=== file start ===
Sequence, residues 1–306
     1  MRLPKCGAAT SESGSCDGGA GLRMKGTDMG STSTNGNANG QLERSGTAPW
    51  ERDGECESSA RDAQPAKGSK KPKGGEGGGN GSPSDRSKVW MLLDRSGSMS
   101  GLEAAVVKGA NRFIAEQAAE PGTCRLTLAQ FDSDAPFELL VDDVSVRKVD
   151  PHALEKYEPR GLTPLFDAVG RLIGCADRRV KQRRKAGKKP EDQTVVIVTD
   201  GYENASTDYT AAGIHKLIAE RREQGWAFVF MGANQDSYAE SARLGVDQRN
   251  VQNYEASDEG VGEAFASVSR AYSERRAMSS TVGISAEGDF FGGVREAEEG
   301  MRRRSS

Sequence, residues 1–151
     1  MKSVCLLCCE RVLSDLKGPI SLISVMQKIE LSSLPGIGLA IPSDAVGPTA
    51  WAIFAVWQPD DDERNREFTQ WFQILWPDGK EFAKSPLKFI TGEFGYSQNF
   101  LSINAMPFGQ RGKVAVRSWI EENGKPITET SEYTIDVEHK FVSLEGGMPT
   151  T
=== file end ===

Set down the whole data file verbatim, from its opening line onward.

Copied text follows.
Sequence, residues 1–306
     1  MRLPKCGAAT SESGSCDGGA GLRMKGTDMG STSTNGNANG QLERSGTAPW
    51  ERDGECESSA RDAQPAKGSK KPKGGEGGGN GSPSDRSKVW MLLDRSGSMS
   101  GLEAAVVKGA NRFIAEQAAE PGTCRLTLAQ FDSDAPFELL VDDVSVRKVD
   151  PHALEKYEPR GLTPLFDAVG RLIGCADRRV KQRRKAGKKP EDQTVVIVTD
   201  GYENASTDYT AAGIHKLIAE RREQGWAFVF MGANQDSYAE SARLGVDQRN
   251  VQNYEASDEG VGEAFASVSR AYSERRAMSS TVGISAEGDF FGGVREAEEG
   301  MRRRSS

Sequence, residues 1–151
     1  MKSVCLLCCE RVLSDLKGPI SLISVMQKIE LSSLPGIGLA IPSDAVGPTA
    51  WAIFAVWQPD DDERNREFTQ WFQILWPDGK EFAKSPLKFI TGEFGYSQNF
   101  LSINAMPFGQ RGKVAVRSWI EENGKPITET SEYTIDVEHK FVSLEGGMPT
   151  T